IRS Collection Notices: What do they mean?
When an IRS letter or IRS collection notice arrives, many people are unsure what it means and what to do to respond. IRS letters all look the same, and can be intimidating because of what is at stake.
If a person has tax debt due to the IRS, and does nothing about it, then eventually the person’s account will go into IRS collections.The collection process may take some time, up to several months. Each collection notice usually comes five weeks apart.
Different types of IRS Collection letters – What are the different types of IRS Tax Collection letters?
CP14 This notice is for when a person has a balance due
CP501 First reminder notice for the overdue balance due
CP503 2nd notice to remind a person of their balance due
CP504 Final Notice of Intent to Levy. This is when the IRS gets really serious. This notice says if the amount is not paid in full after this 3rd and final notice, then the IRS will levy the person’s state income tax refund.
CP90 This notice represents the IRS intent to seize assets and gives notification of the person’s right to a hearing. Retirement benefits, real estate, salaries, automobiles, bank accounts etc can be included in the levy
CP91/CP298 This notice represents the IRS intent to seize 15% of social security benefits to pay the unpaid balance that is due.
CP297 This notice represents the IRS intent to seize assets and is sent to the subjects business. The IRS will levy assets if no action is taken.
LT11/LT1058 This letter is the Final Notice of Intent to Levy and Notice of Your Right to Hearing. This indicates that the IRS has made numerous attempts to collect the balance. If no further action is taken within 30 days, the IRS has the right to levy or seize assets. The IRS may also place a Federal tax lien on your property.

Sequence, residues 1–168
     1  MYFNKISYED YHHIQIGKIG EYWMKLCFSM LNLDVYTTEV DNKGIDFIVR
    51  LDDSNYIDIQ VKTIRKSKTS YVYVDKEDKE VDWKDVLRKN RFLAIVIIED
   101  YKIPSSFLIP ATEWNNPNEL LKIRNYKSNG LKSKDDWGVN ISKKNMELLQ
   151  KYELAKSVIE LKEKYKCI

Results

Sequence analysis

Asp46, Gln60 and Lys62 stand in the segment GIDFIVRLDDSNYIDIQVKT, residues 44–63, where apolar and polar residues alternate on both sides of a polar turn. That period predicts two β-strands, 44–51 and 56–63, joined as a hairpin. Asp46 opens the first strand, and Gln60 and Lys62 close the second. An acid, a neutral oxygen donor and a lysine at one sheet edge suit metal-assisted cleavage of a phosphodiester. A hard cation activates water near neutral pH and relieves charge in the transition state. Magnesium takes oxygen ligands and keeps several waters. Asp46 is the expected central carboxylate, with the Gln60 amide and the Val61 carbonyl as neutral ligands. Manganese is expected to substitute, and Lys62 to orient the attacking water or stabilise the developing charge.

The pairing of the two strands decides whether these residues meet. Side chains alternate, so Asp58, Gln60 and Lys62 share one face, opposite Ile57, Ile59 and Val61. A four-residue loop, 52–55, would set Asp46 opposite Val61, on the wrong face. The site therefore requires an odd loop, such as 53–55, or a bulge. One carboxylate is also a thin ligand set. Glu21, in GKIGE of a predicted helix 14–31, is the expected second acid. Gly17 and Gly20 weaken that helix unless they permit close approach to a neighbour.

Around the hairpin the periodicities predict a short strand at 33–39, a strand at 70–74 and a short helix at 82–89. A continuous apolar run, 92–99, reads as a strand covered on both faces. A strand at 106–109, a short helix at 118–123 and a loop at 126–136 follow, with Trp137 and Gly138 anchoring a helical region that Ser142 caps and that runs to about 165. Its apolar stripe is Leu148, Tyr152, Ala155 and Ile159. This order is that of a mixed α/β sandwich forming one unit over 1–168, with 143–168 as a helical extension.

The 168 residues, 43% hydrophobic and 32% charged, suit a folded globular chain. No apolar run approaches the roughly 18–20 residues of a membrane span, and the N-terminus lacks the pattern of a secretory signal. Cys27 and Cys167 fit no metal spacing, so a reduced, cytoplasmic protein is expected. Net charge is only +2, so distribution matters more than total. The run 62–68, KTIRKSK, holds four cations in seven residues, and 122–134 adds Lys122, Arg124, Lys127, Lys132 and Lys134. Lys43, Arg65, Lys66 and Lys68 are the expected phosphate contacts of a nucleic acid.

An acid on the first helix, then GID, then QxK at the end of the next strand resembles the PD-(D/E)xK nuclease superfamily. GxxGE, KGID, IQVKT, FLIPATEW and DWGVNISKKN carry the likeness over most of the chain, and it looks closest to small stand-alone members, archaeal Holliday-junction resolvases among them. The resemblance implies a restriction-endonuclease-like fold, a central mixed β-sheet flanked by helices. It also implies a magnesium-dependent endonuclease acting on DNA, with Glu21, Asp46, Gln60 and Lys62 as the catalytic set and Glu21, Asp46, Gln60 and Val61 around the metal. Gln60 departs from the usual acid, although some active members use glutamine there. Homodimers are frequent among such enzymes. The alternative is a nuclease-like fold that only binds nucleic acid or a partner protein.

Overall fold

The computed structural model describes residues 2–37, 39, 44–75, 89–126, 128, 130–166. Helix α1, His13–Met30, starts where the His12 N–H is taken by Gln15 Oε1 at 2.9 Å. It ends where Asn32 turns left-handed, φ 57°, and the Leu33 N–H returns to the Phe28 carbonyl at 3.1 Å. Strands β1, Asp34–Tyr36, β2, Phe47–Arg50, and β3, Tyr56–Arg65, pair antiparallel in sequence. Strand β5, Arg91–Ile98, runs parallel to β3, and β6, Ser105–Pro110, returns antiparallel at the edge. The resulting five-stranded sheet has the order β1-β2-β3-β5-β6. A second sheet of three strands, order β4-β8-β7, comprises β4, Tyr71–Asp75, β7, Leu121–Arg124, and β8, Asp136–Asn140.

The most important and serious IRS collection letters
CP90/297 Final Notice of Intent to Levy and Notice of Your Rights to a Hearing
CP91/298 Final Notice Before Levy on Social Security Benefits
These two notices are the only notices that allow the IRS to start proceedings in order to seize your assets, vehicles, bank accounts, real estate and business assets. The other notices can be important and urgent, but they are not threatening any action. Only these final notices gives the IRS these legal rights to start the proceedings.
When a person receives a Final Notice, he/she must realize that it provides important legal rights. These rights include the ability to file an appeal to have a hearing to settle the case and take the results to a U.S. Tax Court if it is not acceptable. The IRS collection action is halted while the appeal is pending, provided it is filed within 30 days from the issuance of the notice.
Actions to take when a person receives an IRS collection letter
Taxpayers are generally extremely anxious when they receive these types of IRS notices. The best thing to do is to stay calm, read the letter and check if it is a Final Notice. Taxpayer assets are in danger if it is a Final Notice.
If a person agrees with the balance due, look to the tax resolution with a payment plan, currently not collectible status or offer in compromise. This decision must be made quickly as active collections are taking place. The best way to get tax help is from a tax attorney who will work to get a resolution that is most favorable to you and your financial situation.
If you do not agree with the balance due, submit the required information to validate your claim.
Remember, when you submit any information to the IRS, to always keep copies for your records. Please call for a no-cost tax attorney consultation for a tax resolution. We look forward to helping you. This blog post is not intended as legal advice and should be considered general information only
Keywords: IRS collection notices, IRS Collection Problems, IRS Collections, IRS Final Notice, IRS levies and property seizures, IRS Seizures